So the same things that keep the hippies happy keep the evil capitalists happy. They all have to play in the same ecosystem. If not, you end up in a backwater, disconnected from the cool stuff that’s happening. strength in sharing and participating.

So far, it’s an idea that worked pretty well for us if all the amazing stuff people have built on to top of the API is any measure.

If you look closely you’ll notice that I’ve had to link to an (Internet Archive) archived version of Simon’s site from 2006 since the notes are nowhere else to be found. There is still, obviously, lots of work left to be done no matter which road you prefer.

Also: While we’re talking about Wikipedia, Josh Clark’s Wikipedia Machine Tag Generator, which he built during the Yahoo! BBC Hack Day event in 2007, is just plain awesome.

So, where are we going with all of this? It’s a bit too soon to tell but one of the things I like about all of the recent machine tag work is that they start to expose geographies outside of the traditional grid of latitudes and longitudes. If that sounds a bit wooly and hand-wavey that’s because it is.

In concrete terms, one thing that’s pretty exciting is the ability to infer location for all those photos that aren’t geotagged yet but do have Upcoming, or foursquare, or OpenStreetMap machine tags or, yes, even train stations. All those services have their own APIs and aside from just pulling back coordinates you can use them to fill in simple, but important, details like whether a photo was taken indoors or outdoors.

And if we’re lucky they’ll start to show us the donut holes and the “place fields” (props to Matt Jones’ delicious links for that one) that we walk through every day but don’t recognize or don’t have names for yet.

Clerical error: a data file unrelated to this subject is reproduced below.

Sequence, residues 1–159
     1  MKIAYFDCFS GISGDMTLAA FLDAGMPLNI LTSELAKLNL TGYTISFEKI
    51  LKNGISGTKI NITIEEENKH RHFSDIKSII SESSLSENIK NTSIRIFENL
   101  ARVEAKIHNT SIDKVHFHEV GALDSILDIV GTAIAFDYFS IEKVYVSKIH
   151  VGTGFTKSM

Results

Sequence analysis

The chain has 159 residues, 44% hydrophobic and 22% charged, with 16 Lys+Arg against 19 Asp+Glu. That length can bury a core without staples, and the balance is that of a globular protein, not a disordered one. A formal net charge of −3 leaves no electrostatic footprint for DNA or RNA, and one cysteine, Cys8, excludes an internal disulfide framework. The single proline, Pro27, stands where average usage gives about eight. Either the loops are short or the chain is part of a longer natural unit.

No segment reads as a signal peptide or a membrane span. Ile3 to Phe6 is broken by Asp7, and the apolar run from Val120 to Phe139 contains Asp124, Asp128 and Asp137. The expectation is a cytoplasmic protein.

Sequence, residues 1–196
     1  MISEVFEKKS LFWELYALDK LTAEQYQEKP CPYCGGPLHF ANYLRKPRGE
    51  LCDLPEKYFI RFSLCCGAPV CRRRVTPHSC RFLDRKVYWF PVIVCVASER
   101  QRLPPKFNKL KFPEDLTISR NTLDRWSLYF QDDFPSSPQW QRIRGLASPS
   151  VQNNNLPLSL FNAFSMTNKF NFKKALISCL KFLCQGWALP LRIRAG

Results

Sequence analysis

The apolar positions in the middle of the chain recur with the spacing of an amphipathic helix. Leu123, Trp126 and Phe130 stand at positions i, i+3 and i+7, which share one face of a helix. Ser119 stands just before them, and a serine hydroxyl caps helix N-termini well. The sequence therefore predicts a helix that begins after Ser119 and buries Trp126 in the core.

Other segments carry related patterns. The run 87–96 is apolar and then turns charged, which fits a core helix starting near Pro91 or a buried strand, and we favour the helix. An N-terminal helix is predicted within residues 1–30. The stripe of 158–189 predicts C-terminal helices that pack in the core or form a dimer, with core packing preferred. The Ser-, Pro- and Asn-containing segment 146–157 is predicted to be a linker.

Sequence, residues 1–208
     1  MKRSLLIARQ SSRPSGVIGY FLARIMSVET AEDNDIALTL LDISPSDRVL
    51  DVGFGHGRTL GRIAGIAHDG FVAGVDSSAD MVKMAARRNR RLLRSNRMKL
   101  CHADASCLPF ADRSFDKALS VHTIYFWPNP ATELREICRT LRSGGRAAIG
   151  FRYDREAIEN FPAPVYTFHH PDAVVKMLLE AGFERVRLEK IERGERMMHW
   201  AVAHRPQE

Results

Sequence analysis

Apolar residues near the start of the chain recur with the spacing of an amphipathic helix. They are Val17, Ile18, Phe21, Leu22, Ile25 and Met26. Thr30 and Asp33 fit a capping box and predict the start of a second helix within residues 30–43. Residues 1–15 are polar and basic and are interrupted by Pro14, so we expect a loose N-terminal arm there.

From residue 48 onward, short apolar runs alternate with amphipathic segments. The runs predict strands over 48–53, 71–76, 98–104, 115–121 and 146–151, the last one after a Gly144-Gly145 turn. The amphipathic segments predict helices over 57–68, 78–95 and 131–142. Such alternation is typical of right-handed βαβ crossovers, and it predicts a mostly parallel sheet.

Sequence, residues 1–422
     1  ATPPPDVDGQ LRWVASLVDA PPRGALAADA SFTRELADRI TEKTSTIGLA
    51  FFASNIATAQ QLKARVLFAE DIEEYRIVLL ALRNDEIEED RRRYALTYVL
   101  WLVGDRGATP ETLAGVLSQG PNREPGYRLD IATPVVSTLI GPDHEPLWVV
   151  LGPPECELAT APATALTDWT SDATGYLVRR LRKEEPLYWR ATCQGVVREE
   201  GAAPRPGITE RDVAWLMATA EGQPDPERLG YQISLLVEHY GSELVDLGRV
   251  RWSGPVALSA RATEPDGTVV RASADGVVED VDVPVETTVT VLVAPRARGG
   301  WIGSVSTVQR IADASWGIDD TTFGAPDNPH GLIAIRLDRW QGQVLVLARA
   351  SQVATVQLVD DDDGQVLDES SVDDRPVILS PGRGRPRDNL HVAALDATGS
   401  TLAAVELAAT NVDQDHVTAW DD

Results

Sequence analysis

photo by JLB

“That’s maybe a bit too dorky, even for us.”

Around the time we added support for Open Plaques machine tags Frankie Roberto, the project lead, asked: “What about supporting Open Street Map (OSM) way machine tags?”

My immediate response was something along the lines of “That’s maybe a bit too dorky, even for us.” Which meant that I kept thinking about it. And now we’re doing it.

If you’re not sure way what a “way” is, it’s best to start with OpenStreetMap’s own description of how their metadata is structured:

Our maps are made up of only a few simple elements, namely nodes, ways and relations. Each element may have an arbitrary number of properties (a.k.a. Tags) which are Key-Value pairs (e.g. highway=primary) …

A node is the basic element of the OSM scheme. Nodes consist of latitude and longitude (a single geospacial point) …

A way is an ordered interconnection of at least 2 and at most 2000 nodes that describe a linear feature such as a street, or similar. Should you reach the node limit simply split your way and group all ways in a relation if necessary. Nodes can be members of multiple ways.